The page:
Tunisia Curbs Credit for Non-Essential Goods as FX Reserves Dip

Updated on
  • Rules will apply to about 220 items, require importers to pay
  • New rules outlined in central bank documents seen by Bloomberg

Tunisia has asked banks to stop giving credit to importers of non-essential goods as it seeks to curb a ballooning trade deficit and halt a decline in foreign-exchange reserves, according to central bank documents seen by Bloomberg.

The new rules, which were sent out to lenders earlier this month, demand that importers provide proof of existing funds to cover the cost of about 220 products deemed non-essential -- ranging from air conditioners and cosmetics to cheese and several kinds of fruit -- in order to free up hard currency for priority goods.

International tenders by state entities, such as those which import grain, are exempted from the rules, according to one of the documents.

The move mirrors import restrictions imposed in nearby Egypt as it struggled with acute foreign-currency shortages that virtually paralyzed trade and investment before the central bank floated the pound in November. Foreign reserves in Egypt have recovered since most capital restrictions were removed last year, but the currency has roughly halved in value and inflation has risen above 30 percent.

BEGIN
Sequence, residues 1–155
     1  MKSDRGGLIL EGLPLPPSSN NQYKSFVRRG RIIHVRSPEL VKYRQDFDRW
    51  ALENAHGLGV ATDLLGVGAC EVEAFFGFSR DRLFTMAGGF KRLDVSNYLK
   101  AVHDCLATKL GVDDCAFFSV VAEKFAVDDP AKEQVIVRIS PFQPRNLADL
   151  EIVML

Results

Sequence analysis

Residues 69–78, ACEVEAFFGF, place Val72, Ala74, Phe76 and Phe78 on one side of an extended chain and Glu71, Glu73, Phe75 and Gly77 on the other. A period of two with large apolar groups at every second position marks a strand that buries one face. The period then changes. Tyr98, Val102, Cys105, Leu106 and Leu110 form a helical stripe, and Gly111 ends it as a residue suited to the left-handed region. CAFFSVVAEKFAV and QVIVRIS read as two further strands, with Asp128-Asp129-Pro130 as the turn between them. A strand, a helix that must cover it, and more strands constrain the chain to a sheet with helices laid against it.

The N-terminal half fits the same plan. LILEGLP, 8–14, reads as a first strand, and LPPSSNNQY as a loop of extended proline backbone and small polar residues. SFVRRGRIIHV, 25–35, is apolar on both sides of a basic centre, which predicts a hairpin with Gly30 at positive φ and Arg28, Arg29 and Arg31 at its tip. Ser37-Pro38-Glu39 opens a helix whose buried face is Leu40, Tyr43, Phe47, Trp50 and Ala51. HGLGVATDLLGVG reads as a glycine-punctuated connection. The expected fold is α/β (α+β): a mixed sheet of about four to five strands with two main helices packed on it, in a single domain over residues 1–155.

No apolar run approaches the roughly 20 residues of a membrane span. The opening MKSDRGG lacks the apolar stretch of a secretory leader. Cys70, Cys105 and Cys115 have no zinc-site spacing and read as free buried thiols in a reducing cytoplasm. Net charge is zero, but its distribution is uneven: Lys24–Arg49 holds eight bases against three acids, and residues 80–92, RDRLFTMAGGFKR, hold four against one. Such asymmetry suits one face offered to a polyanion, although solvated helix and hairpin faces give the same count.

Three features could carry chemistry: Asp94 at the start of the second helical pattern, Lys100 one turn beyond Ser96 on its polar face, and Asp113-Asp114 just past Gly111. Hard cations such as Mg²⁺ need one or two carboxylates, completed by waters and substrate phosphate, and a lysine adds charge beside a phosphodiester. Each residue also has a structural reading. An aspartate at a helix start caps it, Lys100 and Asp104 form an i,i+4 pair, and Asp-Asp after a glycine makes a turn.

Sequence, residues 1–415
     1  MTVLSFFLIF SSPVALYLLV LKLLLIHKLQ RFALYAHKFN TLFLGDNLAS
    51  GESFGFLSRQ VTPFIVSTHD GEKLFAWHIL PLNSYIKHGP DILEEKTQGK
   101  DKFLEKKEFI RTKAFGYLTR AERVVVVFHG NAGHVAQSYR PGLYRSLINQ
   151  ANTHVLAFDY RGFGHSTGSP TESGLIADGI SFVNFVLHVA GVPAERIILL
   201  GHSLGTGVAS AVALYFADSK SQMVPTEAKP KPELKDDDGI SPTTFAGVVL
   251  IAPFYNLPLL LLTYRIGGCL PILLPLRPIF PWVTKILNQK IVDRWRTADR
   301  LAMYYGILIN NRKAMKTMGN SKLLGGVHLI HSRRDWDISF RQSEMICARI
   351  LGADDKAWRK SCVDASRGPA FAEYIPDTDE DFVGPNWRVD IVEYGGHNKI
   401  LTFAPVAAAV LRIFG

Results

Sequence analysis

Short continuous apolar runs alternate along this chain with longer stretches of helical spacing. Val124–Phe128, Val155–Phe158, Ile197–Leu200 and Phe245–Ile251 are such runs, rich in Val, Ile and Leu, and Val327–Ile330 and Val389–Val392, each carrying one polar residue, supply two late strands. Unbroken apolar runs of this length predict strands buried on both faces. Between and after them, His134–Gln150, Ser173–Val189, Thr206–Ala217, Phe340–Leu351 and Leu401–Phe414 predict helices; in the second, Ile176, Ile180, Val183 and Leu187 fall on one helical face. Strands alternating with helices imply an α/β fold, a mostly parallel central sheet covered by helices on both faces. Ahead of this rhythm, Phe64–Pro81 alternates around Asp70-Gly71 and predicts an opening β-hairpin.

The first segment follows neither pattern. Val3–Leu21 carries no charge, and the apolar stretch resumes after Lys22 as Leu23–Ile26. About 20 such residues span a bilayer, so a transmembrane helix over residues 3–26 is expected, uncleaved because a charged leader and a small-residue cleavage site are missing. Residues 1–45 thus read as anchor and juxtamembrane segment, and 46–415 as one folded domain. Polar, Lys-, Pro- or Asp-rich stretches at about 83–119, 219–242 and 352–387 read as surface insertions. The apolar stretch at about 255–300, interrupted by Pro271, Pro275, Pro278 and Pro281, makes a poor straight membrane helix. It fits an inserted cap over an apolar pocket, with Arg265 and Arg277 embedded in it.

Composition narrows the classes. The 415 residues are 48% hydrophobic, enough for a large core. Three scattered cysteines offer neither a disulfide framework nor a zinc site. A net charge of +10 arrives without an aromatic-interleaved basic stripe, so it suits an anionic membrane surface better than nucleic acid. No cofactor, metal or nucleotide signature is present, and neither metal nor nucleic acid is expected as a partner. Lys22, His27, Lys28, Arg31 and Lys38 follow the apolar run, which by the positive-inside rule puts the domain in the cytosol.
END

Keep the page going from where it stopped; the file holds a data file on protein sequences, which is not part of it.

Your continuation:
In Tunisia, growing pressure on the dinar, which is loosely pegged to a basket of currencies, has also drained foreign-exchange reserves. On Tuesday, net foreign-currency assets amounted to the equivalent of about $5.1 billion, according to central bank data, enough to cover only 96 days of imports.

The North African country has struggled to revive its economy since the 2011 uprising that ousted longtime dictator Zine El-Abedine Ben Ali. It has been rocked by repeated strikes and protests, while militant attacks have hammered the tourism sector. 

    Before it's here, it's on the Bloomberg Terminal.